Referring to FIG. 8, each of the wing walls 60 is connected or attached to the outer end face of the collar 55 by a set or at least two vertically spaced bolts 68 each of which extends through a plate washer 71 and a corresponding oversized hole 73 in the collar 55. Each bolt 68 is threaded into a corresponding anchor member 76 embedded in the wing wall 60 and including a cylindrical anchor 78. The anchor member 76 also includes a horizontal U-shaped metal rod 81 welded to opposite sides of the anchor 78 and a second U-shaped metal rod 82 having bent end portions 83 welded to the top and bottom of the anchor 78.

As apparent from the drawings and the above description, an open bottom fiber reinforced precast concrete arch unit and end arch unit constructed in accordance with the invention provides desirable features and advantages. For example, by eliminating conventional reinforcing bars and rods and using reinforcing fibers within the arch units and substantially reducing the wall thickness of each arch unit, the arch unit is provided with ductility and flexure strength so that it may utilize the resistance forces exerted by the compacted surrounding soil to enable the arch unit to support a substantial load applied to the soil above the unit. In addition, the replacement of steel reinforcing bars or rods with the reinforcing fibers F and the substantial reduction in the wall thickness of the arch unit results in a substantial reduction in the volume of concrete used to form the arch unit and a corresponding substantial reduction in the weight of the arch unit. These reductions provide for a significant reduction in the cost of producing each precast arch unit as well as the cost of handling, transporting and installing each arch unit at the construction site. Moreover, by avoiding the use of steel reinforcing bars or rods, the labor required for positioning the reinforcing bars or rods between the form surfaces for the arch unit, is eliminated.

Additional economies are achieved by varying the thickness of the side wall portions 18 of each arch unit 10 and 50 to proportion the strength provided by the arch unit according to the applied load and stresses around the perimeter of the arch unit. Bending stresses caused by concentrated loads to the top of the arch unit are transformed into thrusts that can be accommodated very efficiently in the arch unit. This transfer of loads and stresses is dramatically enhanced by increasing the ductility of each arch structure. Since the bending stresses in each arch unit diminish towards the base or bottom of the arch unit, the thickness of the side wall portions may be reduced towards the bottoms of the side wall portions. As another advantage, the discontinuity of the steel fibers F prevents corrosion of the reinforcing fibers, and this eliminates the need for additional concrete to protect the reinforcement as is required to protect continuous steel reinforcing bars and rods. Also the fibers add toughness to the precast arch unit, and the toughness resists damage to the unit during handling, shipping and installing. It is also apparent that a plurality of the arch units 10 shown in FIGS. 2 and 3 may be nested during storage and shipping to provide additional economies. It is also apparent that a plurality of laterally adjacent rows of the arch units as shown in FIG. 1 may be used for an underground water storage facility. When the arch units 10 and end arch units 50 are used to form a culvert, the wing walls 60 may be quickly attached to the collar 55 at the construction site by the bolts 68 and anchors 76 in order to reduce the time for installing the culvert.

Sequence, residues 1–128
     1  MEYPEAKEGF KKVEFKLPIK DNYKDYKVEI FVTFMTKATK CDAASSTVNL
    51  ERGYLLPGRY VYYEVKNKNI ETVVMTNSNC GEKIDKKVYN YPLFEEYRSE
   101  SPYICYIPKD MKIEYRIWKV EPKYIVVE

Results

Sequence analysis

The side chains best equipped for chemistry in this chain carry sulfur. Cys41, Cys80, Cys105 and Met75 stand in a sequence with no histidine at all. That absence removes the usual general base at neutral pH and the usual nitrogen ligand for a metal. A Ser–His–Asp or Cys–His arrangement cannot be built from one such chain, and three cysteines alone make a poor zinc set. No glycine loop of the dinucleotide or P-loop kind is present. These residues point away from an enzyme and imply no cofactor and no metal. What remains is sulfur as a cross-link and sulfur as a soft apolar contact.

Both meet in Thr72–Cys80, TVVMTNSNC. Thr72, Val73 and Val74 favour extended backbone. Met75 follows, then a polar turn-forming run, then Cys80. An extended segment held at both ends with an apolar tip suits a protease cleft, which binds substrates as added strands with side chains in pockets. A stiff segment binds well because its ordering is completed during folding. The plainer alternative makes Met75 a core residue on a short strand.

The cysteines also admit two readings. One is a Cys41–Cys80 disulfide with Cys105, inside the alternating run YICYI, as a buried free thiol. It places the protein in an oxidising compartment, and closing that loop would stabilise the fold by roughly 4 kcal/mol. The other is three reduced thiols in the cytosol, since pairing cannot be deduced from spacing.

While the forms of arch units and their method of construction and use herein described constitute a preferred embodiment of the invention, it is to be understood that the invention is not limited to these precise forms of arch units and method, and that changes may be made therein without departing from the scope and spirit of the invention as defined in the appended claims.